This was but a small and hypothetical example of what actually happens in society on a larger scale. Like this – uncountable women are harassed, teased, beaten, raped, murdered after rape, burnt - because Milas and Rakibs were taught - they are not equals.
Inequality between the sexes is the basis for Gender-Based Violence (GBV). One of the prime themes behind Women's Day and almost every women's movement is - gender equality, the belief in full social, economic, and political equality for men, women and other genders. Thus, equality is the basis of ending gender-based violence too.
In our culture, gender equality is not taken as synonymous with 'equal human rights'. The operationalisation of equality also did not have the sameness of gender in mainstream development. We surely know about domination theory where the dominant is the core and dominated are in the periphery. The world is still a male-dominated hub where males are in the core and other genders are in the periphery.
This periphery also has stages depending on the closeness to the core's standard. The women who are decision-makers, policymakers, earners, vocal, practice their own rights and enjoy them too – are steadily breaking into the peripheral distance and getting into the core.
What happens to those who cannot break into the core? What about the women who cannot make any contribution to decision making and are often dependent on male breadwinners? Most of the time they are the victims of physical, social, psychological, sexual violence. The GBV again pulls women back towards inequality because - the fear of becoming a victim, women tend to back out from their rights. Gender-based violence is deep-rooted in gender inequality and continues to create an opportunity for the exploitation of women's basic human rights.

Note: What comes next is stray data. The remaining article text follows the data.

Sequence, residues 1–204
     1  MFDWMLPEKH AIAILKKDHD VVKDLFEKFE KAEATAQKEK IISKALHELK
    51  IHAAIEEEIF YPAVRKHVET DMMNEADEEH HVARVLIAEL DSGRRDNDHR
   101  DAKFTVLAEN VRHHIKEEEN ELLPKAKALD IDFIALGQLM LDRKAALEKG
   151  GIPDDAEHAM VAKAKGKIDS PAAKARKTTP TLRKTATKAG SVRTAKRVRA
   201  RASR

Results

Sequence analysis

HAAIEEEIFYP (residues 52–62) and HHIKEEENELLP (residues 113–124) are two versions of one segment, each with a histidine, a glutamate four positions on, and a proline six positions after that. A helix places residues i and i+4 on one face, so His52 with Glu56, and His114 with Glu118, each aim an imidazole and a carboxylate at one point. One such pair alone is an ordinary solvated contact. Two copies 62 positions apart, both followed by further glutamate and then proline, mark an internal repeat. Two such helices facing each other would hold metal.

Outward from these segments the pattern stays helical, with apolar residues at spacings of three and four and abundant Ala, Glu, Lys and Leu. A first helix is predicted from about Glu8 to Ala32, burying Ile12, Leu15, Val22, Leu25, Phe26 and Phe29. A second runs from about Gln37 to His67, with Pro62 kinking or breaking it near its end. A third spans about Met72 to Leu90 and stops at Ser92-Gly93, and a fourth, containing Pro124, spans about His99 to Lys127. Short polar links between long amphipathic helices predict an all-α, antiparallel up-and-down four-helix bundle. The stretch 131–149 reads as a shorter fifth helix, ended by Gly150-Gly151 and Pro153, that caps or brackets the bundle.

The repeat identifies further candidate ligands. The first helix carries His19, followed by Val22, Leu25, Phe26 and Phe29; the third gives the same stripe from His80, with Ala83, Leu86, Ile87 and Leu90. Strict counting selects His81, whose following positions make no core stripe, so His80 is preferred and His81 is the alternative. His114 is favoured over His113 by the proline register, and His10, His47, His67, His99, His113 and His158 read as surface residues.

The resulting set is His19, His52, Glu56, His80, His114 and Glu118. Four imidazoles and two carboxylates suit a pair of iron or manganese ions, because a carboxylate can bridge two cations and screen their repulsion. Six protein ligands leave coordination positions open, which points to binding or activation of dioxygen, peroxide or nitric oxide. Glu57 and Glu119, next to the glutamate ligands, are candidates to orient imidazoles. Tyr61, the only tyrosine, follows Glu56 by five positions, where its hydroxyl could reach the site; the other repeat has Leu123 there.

Now let us reverse the vicious cycle with equality –
To understand, let us get back to Mila and Rakib with a sense of equality. Mila and Rakib, both go to school, prepare themselves for future careers and knowledge. Both learn household work, play outside and experience a discrimination-free childhood. Rakib and other boys never tease other women as they know boys and girls are equal.
Both Mila and Rakib become graduates and make contributions to society. Mila knows her sexual and reproductive health rights (SRHR) and would carry healthy children at the proper age. Both earn and jointly run the household, teaching the next generation about equality and the coexistence of sexes. They are not interested in dowry or violence because they have mutual respect embedded in their thought process by a gender-equal society.
This might sound completely utopian now, but the coexistence of all genders is the ultimate remedy of eradicating gender-based violence. A society believing in equality normalises harmonious coexistence where violence cannot reside. The resistance against gender equality and feminism are the biggest obstacles, on the other hand, this resistance is getting eroded with the help of activism, education, and awareness.
Violence against women and children are common headlines in our daily news feed. Ask any government doctor posted in rural areas -how many blood-covered child brides visit them each month on average. You can find thousands of reported cases of physical violence on women, let alone unreported ones. Women are tortured for seeking property rights, refusing to pay dowry, or demanding the right to education/work. Women risk losing their lives for exercising their basic human rights.
These are not mere criminal cases; these are by-products of an unequal gender pattern. This pattern raised our men to be 'dominant' and women to be 'dominated'. Educated women to 'ask' for everything, where men will 'get' everything. It is time for a change. Women and men are equal partners in development, equal actors in the societal cycle. Each phenomenon of society is interlinked. The prevention of GBV is only possible when we can turn down the vicious cycle of Gender-Based Violence with gender equality.